Rabbi Abraham Joshua Heschel famously said, “In Selma, Alabama, I learned to pray with my feet.”
In English, we have a tendency to use the words “religion” and “faith” as interchangeable, and it is possible that it works for some religions, but for Judaism, it most emphatically does not work. Jews believe many different things: at the extremes, I know good Jews who are thoroughgoing atheists, and equally good Jews who have regular conversations with a God for whom the pronouns are male. The only real deal breaker for normative Judaism is monotheism: if a person believes in multiple gods or subdivisions of God or persons-within-God they are over the line.
Deeds, including speech, are another matter. I am still a Jew, but I cannot claim to be a “good Jew” if I stand by while my neighbor bleeds, if I do nothing while the vulnerable go hungry, if I do not pursue justice. That, with monotheism, was the great message of the Jewish prophets: see chapter five of the prophecy of Amos if you doubt me.
So it is appropriate today, more than 50 years after Dr. Martin Luther King Jr.’s March on Washington, to remember that we pray with our feet, our hands, our keyboards, our wheels, our habits of consumption, and our speech to and about others.
By the way, the images I use on this blog are all either in the public domain, or they have a Creative Commons license. There’s a wordpress widget that finds them for me and keeps me from sinning against my fellow creative person (and out of copyright trouble.)
Tractate Niddah (30b) of the Talmudrecords a folktale that I find comforting and infuriating: while we are in utero, an angel comes and teaches us the whole of the Torah. Then as soon as we are born, the angel slaps us on the mouth so that we will forget it all. The mark that is left is the philtrum, the vertical dent between the mouth and nose.
Thus when we study Torah, we are not learning for the first time; we are instead striving to remember the Torah that we already know. As a teacher, my task is to help my students remember.
I find that when I remember that, I am a much better teacher.
The best apology is like an egg: simple, bald, fragile. If I fumble it, I’ll really make a mess.
“Forgive me,” is a start.
The next step is the real kicker. “For” — for failing to acknowledge you, for failing to remember your name, for failing to think, for failing. Or for doing: for saying cruel words, for acting out, for lying, for stealing, for betraying.
A good apology takes responsibility. It says, “I did it.” It does not shift blame, it says, “I’m sorry” and “I did it.”
Then sit back. Wait. See what happens.
There may be anger. There may be sorrow. There may be fake forgiveness or self-serving forgiveness, as the Gingeet Rabbi has described in her blog. Or there may be a really good conversation in which you will learn something. This is the thing about a good apology: no matter how predictable you think the other person is, you can’t know for sure what comes after the apology. The better the apology, the more unpredictable the response.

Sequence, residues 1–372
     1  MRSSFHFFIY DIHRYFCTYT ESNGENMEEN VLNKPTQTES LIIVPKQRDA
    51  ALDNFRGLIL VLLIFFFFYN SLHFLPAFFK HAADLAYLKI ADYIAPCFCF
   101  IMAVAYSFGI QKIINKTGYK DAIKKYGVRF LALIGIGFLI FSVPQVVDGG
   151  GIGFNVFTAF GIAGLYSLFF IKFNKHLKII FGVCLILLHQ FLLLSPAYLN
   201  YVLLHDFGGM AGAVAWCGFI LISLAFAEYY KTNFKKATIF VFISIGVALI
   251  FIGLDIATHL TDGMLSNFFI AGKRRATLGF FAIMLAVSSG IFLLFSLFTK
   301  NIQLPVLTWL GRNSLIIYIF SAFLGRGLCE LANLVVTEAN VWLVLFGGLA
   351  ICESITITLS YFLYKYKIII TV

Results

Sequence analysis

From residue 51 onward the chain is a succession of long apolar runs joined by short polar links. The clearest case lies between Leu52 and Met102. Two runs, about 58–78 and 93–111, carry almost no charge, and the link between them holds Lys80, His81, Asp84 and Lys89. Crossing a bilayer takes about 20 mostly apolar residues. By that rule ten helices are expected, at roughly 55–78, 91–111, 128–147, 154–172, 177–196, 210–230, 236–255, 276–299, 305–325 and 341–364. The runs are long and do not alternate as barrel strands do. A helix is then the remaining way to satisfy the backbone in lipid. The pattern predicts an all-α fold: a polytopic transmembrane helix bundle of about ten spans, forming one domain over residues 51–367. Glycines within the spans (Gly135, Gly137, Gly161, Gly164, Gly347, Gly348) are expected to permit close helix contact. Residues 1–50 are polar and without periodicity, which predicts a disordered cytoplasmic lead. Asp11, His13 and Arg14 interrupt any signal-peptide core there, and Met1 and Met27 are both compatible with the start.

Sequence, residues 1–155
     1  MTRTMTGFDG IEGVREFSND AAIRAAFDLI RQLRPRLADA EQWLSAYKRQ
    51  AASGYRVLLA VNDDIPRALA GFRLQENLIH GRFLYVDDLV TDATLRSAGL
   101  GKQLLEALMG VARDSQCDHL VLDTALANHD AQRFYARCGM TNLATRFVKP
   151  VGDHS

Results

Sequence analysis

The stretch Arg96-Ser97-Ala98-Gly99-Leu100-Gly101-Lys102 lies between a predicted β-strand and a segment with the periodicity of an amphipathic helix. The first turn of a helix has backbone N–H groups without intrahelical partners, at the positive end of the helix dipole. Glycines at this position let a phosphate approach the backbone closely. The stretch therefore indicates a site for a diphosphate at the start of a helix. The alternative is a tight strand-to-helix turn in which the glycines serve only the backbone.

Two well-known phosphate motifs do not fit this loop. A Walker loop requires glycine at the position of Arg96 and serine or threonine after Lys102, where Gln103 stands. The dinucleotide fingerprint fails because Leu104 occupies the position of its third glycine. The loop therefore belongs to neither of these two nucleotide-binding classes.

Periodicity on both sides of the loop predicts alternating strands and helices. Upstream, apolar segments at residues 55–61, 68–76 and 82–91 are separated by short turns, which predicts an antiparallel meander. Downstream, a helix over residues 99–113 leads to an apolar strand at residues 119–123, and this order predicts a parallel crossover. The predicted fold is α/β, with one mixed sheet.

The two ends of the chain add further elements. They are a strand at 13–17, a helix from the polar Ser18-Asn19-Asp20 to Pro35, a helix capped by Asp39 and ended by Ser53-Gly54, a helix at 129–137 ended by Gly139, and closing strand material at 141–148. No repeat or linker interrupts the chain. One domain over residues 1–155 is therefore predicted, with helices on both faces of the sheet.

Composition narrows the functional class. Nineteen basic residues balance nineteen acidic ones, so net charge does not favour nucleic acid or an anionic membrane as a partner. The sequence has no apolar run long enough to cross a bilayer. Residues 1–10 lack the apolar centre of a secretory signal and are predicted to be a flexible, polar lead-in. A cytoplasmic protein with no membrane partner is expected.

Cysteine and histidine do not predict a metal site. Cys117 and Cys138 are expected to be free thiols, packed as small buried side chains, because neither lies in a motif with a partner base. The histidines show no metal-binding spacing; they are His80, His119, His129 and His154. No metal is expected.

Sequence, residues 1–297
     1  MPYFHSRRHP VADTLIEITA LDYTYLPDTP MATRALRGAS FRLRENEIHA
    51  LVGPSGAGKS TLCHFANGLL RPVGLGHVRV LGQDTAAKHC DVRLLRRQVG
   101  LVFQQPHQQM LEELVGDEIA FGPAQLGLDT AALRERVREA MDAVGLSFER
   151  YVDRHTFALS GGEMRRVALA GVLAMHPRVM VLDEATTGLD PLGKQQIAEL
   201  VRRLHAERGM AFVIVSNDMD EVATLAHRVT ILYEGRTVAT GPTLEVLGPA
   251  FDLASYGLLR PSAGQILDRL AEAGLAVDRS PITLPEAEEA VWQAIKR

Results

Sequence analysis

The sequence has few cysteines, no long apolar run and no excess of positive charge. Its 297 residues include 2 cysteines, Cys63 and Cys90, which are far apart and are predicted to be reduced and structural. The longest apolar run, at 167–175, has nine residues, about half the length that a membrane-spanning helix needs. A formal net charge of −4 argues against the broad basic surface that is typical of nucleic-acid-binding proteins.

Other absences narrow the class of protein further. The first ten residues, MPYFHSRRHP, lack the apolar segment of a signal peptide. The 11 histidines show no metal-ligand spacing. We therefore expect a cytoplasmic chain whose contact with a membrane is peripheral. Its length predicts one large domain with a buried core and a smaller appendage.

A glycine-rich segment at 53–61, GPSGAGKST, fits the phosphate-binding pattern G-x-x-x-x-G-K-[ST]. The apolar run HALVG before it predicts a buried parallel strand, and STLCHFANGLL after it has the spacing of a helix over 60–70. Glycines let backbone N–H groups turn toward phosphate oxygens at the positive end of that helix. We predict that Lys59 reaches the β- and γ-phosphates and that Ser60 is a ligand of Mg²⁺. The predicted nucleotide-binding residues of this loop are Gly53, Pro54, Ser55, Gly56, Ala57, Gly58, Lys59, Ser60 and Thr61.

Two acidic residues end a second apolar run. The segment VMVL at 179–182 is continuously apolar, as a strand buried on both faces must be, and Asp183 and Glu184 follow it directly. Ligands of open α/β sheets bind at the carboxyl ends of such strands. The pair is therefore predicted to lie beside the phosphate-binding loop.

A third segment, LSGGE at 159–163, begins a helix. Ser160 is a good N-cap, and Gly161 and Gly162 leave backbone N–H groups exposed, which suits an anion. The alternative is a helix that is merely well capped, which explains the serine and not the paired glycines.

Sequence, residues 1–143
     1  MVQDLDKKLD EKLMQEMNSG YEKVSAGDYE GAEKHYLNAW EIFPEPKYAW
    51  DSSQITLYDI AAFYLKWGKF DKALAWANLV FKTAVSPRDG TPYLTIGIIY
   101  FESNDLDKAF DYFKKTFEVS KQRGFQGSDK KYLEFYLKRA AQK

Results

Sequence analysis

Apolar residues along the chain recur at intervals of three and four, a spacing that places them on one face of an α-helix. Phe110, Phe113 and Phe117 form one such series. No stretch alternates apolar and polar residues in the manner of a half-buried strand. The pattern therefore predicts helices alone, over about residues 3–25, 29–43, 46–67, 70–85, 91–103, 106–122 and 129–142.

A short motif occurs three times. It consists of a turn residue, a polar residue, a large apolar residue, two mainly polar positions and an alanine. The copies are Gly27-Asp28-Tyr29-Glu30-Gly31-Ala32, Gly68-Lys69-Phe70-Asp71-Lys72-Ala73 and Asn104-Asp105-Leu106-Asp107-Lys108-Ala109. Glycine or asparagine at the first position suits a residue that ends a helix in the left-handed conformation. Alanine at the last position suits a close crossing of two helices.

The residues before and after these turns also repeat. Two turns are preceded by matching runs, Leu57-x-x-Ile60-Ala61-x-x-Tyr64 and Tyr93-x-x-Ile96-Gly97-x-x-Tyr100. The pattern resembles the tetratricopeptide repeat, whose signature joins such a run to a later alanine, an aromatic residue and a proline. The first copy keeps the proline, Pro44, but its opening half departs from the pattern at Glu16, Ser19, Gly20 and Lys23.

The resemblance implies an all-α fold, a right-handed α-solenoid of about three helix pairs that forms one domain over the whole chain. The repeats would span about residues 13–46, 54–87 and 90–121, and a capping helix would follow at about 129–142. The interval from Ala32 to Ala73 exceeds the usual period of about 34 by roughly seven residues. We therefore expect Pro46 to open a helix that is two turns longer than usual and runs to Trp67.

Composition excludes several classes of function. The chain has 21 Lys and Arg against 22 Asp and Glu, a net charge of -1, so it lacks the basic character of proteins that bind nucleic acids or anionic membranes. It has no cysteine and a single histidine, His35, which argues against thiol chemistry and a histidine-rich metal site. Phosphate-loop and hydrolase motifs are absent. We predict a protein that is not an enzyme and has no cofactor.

Gabi is my little dog. I met her one Friday afternoon after I’d spent the afternoon doing some pastoral visits that left me angry and sad. I did not want to bring that energy into Shabbat with me, so I called my friend Julie and asked if I could stop by her place and play with the dogs for a bit.
Julie is one of the good angels of Poodle Rescue of Las Vegas, and she often has a foster dog or two around. That day she had a silver toy poodle with a big white bandage. The tiny dog was found on the street in Las Vegas sporting a huge tumor under one foreleg. She was filthy and her fur was matted from months of neglect. Animal Control notified Poodle Rescue, and Julie and Colleen saw to it that she got the health care and the grooming she needed.
When I walked into the house, that tiny dog began bouncing and trying to get my attention. I picked her up, and she snuggled into my shoulder as if she’d been my doggie forever. I was amazed by her trust, despite neglect, despite the cruelty of the street. She trusted me.
In the book of Genesis it says:
Then God said, “Let us make man in our image, after our likeness. And let them have dominion over the fish of the sea and over the birds of the heavens and over the livestock and over all the earth and over every creeping thing that creeps on the earth.”
Many human beings have used that verse to support the idea that animals are here to serve us, that we can do whatever we want with them. That’s not how I read it. I believe we have been given our power over animals in trust. We are responsible to see to it that they are treated with decency, with respect, with the same care that their Creator would give them, no less. Judaism traditionally recognizes decency towards animals as a mitzvah.
If we have animals in our lives, if we have pets, or if we eat animals or animal products, how do we carry out that responsibility of trust? How can we as individuals and as a society do better?
Something to ponder.
If you are interested in acquiring a pet, consider adopting a rescue animal. Your local shelter has many animals that need homes. If you want a specific breed, try Googling “rescue” and the name of the breed. Your BFF may be waiting in a foster home near you.
Mishnah Peah 1:1 – These are the things for which there is no measure: the corner of the field [which is left for the poor], the first-fruits offering, the pilgrimage, acts of lovingkindness, and Torah learning.